Aside from McDurmon’s rigorist approach to the enforcement of violent crimes, my concern as that McDurmon’s overall approach to the role of government in society is informed more by libertarian ideology than by a traditional Christian understanding of ethics informed by God’s Law. McDurmon himself seems to confirm this when he writes, “A properly theonomic society in terms of civil government would be closer to classic libertarianism than any other common political position.” This is disturbing in light of the fact that “classic libertarianism” or classical liberalism arose historically in opposition to Christian moral principles. – Part 4
McDurmon’s vision of a theonomic society is essentially just libertarian ideas packaged as though they derived somehow from the Bible. – Part 4
Perhaps the most surprising feature of McDurmon’s book is his virtually wholesale denunciation of historic Christian ethics. It is abundantly clear that McDurmon’s definition of theonomy is an innovation and entirely unique to his own position. The position that McDurmon has articulated in this book is in marked contrast to the modern formulators of theonomy such as R.J. Rushdoony or Greg Bahnsen. – Part 5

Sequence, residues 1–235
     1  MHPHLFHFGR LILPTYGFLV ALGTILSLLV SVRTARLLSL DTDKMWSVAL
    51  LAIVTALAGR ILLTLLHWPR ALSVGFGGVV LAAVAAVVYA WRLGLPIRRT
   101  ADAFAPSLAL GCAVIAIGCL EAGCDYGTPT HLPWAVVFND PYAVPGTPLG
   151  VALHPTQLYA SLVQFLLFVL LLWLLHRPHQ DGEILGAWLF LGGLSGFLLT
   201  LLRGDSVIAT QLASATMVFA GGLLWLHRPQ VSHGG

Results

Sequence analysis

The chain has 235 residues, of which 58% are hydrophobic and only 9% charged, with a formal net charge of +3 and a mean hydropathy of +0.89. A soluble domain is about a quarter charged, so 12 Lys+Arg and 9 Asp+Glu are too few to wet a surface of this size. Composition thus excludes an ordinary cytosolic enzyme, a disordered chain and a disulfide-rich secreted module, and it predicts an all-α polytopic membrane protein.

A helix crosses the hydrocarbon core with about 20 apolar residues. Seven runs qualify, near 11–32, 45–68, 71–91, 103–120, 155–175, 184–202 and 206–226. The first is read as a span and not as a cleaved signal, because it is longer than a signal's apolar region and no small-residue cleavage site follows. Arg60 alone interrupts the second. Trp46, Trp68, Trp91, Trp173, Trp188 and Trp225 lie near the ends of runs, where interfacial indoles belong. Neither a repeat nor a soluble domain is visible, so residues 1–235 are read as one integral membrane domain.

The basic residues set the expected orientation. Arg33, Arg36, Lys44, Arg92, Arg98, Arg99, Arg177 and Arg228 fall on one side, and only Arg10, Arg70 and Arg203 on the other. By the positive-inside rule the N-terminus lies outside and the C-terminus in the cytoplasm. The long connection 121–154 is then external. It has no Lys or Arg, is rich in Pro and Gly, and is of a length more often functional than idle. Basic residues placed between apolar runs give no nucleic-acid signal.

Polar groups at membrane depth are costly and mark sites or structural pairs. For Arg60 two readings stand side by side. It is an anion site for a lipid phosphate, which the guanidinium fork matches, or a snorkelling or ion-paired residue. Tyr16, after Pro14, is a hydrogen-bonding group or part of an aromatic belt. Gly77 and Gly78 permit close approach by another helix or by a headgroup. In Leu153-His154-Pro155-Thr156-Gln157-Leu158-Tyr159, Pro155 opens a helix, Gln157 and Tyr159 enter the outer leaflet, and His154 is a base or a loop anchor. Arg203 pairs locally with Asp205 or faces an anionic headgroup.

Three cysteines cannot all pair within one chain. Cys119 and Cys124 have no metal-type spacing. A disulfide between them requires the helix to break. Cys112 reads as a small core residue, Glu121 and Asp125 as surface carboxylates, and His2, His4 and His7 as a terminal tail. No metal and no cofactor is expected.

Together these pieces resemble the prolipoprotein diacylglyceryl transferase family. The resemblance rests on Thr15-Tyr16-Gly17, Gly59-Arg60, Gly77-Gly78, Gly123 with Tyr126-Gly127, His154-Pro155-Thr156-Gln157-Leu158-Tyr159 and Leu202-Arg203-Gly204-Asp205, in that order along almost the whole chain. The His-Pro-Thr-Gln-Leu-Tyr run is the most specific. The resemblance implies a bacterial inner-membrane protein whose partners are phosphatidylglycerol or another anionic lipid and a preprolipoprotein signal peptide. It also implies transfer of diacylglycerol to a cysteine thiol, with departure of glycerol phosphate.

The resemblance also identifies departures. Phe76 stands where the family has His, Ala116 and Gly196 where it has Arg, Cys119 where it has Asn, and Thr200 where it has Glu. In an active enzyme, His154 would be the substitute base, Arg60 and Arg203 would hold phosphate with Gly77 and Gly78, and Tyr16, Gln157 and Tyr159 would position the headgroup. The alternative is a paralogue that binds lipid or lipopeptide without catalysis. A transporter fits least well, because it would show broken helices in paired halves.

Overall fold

McDurmon assures his reader that those who might be inclined to define theonomy differently haven’t “thoroughly engaged important Old Testament passages to exhaust some of their most pressing questions” the way that he has. This is particularly interesting when we consider that McDurmon’s views expressed in this book are at variance with what has been classically understood as theonomy a la Bahnsen and Rushdoony. Now McDurmon is trying to tell his readers who is really a theonomist when he is the one who is redefining theonomy to suit his particular libertarian ethos. The problem for McDurmon goes far beyond the modern formulation of theonomy by men such as Rushdoony and Bahnsen in the mid-twentieth century. McDurmon’s views are essentially absent from the history of Christendom. – Part 5
Interestingly, in his debate over the topic of theonomy with J.D. Hall, McDurmon insisted that theonomy (before his understanding of theonomy was substantially revised along the lines ofThe Bounds of Love) was the historic Christian position. During his examination of Hall, McDurmon lists several theologians who he declares support his position.18 Ironically, McDurmon has now renounced many of the very same theologians that he defended in his debate with Hall not long before this book was published. Evidently McDurmon didn’t read the theologians that he once defended as faithful expositors of God’s Word well enough to detect their “pagan Roman establishment” views that he now denounces. – Part 5